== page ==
Awesome scenery and endless rain, joyful dolphins and ruthless midges, whisky and crisps for dinner – a light-hearted look at the despair, joy, agony and peace when you try to do anything in the Great Scottish Outdoors.
Late Sunday night and Crewe Station is empty and deserted. But there is a lost world here, filled with the ghosts from a bygone era of variety theatre.
Ssandwood-bayandwood Bay in north Scotland is famous for its remote beauty. It’s also a place of legend, shipwrecks, fugitives and ghosts.
Yangon: an account of a slow and fascinating train journey through an extraordinary city is published in Elsewhere: A Journal of Place.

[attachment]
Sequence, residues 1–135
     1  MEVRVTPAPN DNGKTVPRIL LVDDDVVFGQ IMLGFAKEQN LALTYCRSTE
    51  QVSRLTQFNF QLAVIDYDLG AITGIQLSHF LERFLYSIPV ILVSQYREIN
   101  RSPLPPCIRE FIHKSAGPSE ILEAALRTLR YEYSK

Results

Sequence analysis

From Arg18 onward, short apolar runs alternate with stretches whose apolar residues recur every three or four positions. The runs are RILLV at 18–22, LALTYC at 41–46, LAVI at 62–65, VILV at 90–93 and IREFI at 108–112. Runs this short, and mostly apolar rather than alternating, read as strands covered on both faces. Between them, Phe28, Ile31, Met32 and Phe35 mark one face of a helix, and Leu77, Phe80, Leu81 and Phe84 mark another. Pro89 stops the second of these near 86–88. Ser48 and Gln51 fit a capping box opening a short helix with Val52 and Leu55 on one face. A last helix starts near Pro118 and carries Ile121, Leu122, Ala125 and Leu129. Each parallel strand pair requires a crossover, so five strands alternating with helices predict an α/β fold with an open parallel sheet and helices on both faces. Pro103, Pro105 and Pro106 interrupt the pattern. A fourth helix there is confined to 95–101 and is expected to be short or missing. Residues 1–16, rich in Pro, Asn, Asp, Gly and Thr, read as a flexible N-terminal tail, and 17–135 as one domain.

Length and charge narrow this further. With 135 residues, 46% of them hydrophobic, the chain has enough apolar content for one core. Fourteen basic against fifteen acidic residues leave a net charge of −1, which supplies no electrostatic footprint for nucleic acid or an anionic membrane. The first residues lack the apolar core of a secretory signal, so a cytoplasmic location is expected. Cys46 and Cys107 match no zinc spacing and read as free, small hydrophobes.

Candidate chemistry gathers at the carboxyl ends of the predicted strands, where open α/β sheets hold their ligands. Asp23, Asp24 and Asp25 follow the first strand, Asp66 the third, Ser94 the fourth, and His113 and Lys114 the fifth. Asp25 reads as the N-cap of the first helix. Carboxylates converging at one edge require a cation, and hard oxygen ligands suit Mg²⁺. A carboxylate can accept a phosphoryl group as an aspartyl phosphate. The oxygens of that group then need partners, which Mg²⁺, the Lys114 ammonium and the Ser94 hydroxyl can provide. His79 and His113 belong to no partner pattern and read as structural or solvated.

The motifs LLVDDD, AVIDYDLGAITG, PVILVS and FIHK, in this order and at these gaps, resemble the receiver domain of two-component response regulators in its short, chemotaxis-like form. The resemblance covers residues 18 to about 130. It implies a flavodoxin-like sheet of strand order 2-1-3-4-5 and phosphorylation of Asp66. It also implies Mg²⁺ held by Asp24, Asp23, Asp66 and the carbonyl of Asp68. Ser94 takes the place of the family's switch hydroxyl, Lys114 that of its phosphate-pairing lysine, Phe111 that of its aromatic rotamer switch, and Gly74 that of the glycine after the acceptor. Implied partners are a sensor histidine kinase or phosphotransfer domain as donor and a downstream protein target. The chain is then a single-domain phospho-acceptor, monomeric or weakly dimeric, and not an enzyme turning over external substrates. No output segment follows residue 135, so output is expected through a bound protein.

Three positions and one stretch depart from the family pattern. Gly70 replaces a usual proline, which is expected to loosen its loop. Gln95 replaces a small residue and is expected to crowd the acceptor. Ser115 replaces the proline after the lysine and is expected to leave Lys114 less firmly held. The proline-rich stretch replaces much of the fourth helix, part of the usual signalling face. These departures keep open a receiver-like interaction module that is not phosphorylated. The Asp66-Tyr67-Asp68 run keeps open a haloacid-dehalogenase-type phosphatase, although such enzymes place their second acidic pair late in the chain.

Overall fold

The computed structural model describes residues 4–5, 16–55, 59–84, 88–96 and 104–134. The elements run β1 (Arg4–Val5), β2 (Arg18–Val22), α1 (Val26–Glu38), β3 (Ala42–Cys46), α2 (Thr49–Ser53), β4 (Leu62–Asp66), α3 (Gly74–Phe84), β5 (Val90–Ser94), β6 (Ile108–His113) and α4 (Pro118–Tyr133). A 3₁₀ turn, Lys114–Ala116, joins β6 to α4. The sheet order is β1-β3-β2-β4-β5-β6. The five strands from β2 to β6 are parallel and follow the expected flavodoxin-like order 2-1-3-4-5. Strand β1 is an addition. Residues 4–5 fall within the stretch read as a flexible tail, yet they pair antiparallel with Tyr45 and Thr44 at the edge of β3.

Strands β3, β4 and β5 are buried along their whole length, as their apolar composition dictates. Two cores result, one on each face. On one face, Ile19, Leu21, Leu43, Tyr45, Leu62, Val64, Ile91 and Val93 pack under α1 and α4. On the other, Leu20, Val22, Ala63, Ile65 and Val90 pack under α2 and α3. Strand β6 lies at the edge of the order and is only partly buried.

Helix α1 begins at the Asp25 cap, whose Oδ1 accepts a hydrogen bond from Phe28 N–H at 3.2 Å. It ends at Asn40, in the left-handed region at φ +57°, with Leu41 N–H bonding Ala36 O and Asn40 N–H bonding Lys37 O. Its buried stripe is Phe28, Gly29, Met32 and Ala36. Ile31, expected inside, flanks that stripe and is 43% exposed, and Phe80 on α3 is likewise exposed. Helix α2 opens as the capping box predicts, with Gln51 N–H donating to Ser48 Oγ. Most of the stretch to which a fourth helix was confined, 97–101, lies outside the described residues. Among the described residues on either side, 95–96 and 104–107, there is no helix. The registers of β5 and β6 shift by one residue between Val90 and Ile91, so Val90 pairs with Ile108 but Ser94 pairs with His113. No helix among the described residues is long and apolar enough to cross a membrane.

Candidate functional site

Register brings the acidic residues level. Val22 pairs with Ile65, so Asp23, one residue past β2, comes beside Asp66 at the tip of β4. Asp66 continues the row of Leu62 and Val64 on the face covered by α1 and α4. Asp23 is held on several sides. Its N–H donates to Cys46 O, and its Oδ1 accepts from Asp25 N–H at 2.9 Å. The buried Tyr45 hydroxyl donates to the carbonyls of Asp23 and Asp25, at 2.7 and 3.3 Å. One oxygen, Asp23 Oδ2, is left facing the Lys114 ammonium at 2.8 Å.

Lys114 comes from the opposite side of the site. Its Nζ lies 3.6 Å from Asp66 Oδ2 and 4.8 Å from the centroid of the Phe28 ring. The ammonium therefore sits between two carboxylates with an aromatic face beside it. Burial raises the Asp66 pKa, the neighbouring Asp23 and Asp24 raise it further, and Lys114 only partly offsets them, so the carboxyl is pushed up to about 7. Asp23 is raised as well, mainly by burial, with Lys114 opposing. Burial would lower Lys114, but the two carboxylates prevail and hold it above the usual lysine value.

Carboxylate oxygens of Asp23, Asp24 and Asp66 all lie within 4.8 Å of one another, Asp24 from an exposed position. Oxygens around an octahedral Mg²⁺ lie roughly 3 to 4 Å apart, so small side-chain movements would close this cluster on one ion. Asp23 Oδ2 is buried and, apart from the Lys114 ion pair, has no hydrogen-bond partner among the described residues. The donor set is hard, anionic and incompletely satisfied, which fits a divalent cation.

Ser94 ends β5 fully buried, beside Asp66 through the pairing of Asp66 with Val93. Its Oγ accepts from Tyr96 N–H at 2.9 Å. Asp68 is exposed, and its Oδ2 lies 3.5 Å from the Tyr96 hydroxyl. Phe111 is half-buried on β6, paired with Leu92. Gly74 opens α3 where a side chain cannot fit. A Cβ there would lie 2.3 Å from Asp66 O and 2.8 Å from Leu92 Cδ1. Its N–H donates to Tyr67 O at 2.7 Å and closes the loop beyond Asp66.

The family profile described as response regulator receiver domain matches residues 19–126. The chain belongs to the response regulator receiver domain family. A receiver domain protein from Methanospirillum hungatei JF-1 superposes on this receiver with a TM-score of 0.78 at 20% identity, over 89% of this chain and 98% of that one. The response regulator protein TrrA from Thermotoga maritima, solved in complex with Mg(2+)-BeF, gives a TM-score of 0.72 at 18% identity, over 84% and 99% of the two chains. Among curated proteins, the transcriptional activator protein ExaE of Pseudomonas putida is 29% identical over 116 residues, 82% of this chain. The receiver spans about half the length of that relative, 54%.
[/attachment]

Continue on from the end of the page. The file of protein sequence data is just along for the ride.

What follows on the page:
Dickens is the master of London writing but a grisly and compelling scene in Little Dorrit was inspired by his travels in the Swiss Alps.
The storm battered the small Hebridean port. The wind howled down from the moody cloud-clad mountains, and swept great gusts of rain through the village, bending any unfortunate soul trying to reach shelter.
In the spring of 2015 four intrepid dashing gentlemen cycled through the Western Isles (Outer Hebrides) battling storms, rain and mountains. I was not one of them. I took the sensible option and hitched a ride in the dry, warm support van.